KABUL: Afghanistan lurched deeper into political crisis yesterday as the country’s two rival leaders swore themselves in as president at simultaneous ceremonies that were interrupted by at least two blasts. The bitter feud between President Ashraf Ghani and his former chief executive Abdullah Abdullah has raised fears for Afghanistan’s fragile democracy as the US prepares to leave the country following an agreement last month with a strong and largely unified Taleban.
Polls were held in September, but repeated delays and accusations of voter fraud meant that Ghani, the incumbent president, was only declared as winner of a second term in February – sparking a furious response from Abdullah, who vowed to form his own parallel government. Yesterday Ghani, dressed in traditional Afghan clothing and white turban, arrived at the presidential palace to be sworn in, surrounded by supporters, senior political figures, diplomats and foreign dignitaries including US special envoy Zalmay Khalilzad.
Minutes later, in another corner of the sprawling presidential palace compound, a suit-clad Abdullah inaugurated himself as president, vowing to “safeguard the independence, national sovereignty, territorial integrity” of Afghanistan. As hundreds of people watched Ghani’s ceremony, two loud explosions were heard, prompting some people to flee. There were no reports of casualties from the blasts, which mirrored a similar incident in August 2018 when militants fired several mortars as Ghani was making a speech at the palace, injuring six civilians. “I have no bulletproof vest on, only my shirt,” Ghani told those who stayed behind as sirens wailed. “I will stay even if I have to sacrifice my head.”
An AFP reporter saw many of those who fled return to their seats after Ghani’s refusal to leave the podium prompted cheers and applause. The game of thrones has strained the patience of the international community and Afghans alike, with Washington warning earlier that the bickering posed a risk to the US withdrawal deal, which requires the Taleban to hold talks with Kabul. Widening divisions among Afghan politicians would leave the insurgents with the upper hand in those negotiations.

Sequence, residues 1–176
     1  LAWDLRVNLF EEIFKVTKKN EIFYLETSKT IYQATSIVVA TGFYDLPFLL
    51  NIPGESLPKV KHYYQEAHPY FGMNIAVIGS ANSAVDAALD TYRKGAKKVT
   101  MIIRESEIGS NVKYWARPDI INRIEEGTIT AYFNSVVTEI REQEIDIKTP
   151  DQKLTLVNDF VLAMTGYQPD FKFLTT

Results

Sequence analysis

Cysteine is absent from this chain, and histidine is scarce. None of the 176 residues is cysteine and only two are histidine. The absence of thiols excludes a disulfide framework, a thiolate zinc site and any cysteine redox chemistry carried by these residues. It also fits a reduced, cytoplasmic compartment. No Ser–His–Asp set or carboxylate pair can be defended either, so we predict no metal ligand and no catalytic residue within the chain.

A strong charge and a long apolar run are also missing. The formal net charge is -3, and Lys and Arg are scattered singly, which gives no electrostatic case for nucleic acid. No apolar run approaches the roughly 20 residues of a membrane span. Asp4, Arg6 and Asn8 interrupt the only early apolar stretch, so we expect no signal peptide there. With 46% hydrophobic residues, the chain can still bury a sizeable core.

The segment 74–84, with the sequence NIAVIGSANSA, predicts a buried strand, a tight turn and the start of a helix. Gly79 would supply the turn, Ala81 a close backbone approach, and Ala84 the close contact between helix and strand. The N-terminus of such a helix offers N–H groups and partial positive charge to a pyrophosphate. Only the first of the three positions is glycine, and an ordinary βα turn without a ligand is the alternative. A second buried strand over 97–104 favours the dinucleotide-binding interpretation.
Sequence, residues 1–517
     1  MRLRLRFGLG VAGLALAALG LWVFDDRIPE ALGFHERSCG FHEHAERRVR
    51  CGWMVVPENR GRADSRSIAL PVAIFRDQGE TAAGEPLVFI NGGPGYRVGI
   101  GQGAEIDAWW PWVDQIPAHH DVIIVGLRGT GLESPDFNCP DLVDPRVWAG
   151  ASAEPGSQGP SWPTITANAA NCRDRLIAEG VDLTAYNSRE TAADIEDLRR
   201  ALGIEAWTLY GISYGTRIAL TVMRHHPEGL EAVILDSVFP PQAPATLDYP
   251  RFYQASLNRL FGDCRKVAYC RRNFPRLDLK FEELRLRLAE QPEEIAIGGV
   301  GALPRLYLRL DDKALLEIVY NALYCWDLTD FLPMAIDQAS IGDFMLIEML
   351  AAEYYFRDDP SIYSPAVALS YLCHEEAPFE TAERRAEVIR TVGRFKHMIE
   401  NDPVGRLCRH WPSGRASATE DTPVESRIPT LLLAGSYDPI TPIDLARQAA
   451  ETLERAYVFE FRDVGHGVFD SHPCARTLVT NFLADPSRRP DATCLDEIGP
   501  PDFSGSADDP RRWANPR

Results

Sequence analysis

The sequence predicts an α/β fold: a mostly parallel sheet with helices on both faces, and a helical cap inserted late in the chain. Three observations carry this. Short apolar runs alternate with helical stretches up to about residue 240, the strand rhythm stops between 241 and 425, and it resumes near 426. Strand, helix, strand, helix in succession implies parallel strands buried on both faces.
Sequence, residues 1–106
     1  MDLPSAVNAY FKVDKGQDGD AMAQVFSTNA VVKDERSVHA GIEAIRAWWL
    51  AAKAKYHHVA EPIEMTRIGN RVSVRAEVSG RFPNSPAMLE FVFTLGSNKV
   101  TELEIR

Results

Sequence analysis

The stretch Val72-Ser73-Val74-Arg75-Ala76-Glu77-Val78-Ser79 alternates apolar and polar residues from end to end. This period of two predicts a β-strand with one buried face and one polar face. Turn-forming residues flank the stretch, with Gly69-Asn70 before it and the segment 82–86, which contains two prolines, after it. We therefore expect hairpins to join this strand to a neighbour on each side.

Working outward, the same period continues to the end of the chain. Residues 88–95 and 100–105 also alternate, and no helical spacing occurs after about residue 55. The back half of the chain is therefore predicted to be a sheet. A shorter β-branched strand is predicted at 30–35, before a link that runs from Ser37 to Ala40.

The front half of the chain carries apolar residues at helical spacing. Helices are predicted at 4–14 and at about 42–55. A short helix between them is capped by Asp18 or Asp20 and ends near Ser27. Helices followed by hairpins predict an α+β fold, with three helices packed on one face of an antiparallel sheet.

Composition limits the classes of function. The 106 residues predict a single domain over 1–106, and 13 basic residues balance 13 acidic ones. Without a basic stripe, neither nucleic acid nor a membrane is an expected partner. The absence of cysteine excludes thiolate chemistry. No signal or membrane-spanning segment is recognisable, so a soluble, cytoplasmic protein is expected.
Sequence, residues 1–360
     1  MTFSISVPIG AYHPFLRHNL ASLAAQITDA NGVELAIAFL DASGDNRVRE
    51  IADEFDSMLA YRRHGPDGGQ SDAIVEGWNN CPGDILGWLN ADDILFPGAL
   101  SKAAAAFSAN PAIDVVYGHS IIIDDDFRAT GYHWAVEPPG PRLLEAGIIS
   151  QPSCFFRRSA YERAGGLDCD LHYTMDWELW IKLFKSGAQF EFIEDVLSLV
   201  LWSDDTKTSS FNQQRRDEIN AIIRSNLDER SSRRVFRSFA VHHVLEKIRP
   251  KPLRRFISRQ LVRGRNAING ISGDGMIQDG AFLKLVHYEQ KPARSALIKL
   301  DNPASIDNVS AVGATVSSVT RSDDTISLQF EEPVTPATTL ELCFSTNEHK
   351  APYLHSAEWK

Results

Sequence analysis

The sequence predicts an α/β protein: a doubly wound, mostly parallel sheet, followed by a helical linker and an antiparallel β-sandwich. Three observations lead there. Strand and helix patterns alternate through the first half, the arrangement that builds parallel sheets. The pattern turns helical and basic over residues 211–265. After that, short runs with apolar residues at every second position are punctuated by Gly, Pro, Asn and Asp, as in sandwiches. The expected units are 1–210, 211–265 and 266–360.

Fight for power
The row has left many Afghans despairing for their country’s future. “It is impossible to have two presidents in one country,” said Ahmad Jawed, 22, who urged the men “to put their personal interests aside and only think of their country instead of fighting for power”. “Instead of holding oath-taking ceremonies they should talk to each other to find a solution”, he told AFP. During yesterday’s speech, Ghani appeared to extend an olive branch to his opponents, saying: “Today is the day for unity we have to think about the future.”
“I call on … (past) political rivals to lend me a hand and a shoulder to serve this country. Our mission is peace and ending the 40 years of war,” he added. Afghans have shown little enthusiasm for Abdullah, Ghani or the election process in general. Most of them abstained in last year’s lacklustre poll that saw candidates pitch few ideas or policies. Unemployment is high, and even university graduates like Jawed are struggling to find work, while violence has continued unabated, except for during a week-long partial truce ahead of the US-Taliban deal.
In the deadliest attack to hit Afghanistan in weeks, Islamic State group gunmen shot dead 32 people and wounded dozens of others at a political rally in Kabul on Friday. The Taleban, who have slammed the electoral process as “a fake and foreign-run” affair, have also ramped up attacks on Afghan forces and civilians. The insurgents’ spokesman Zabihullah Mujahid said the competing ceremonies showed that “nothing is more important to the slaves than their personal interests”.
Security appeared to have been tightened for the ceremonies, with road closures and multiple checkpoints set up in Kabul hours before the two men were sworn in.Experts say the infighting is likely to cost the government, which is already under pressure after being shut out of the Doha negotiations for the US-Taleban deal.
According to the agreement signed in Qatar, foreign troops will withdraw from Afghanistan in 14 months, in return for various security commitments from the Taleban and a pledge to hold talks with Kabul. Political analyst Atta Noori said the squabbling would “gravely affect the government’s position in the upcoming intra-Afghan talks”. “Unity is the only way (forward) if they want to win on the negotiating table,” he said. – AFP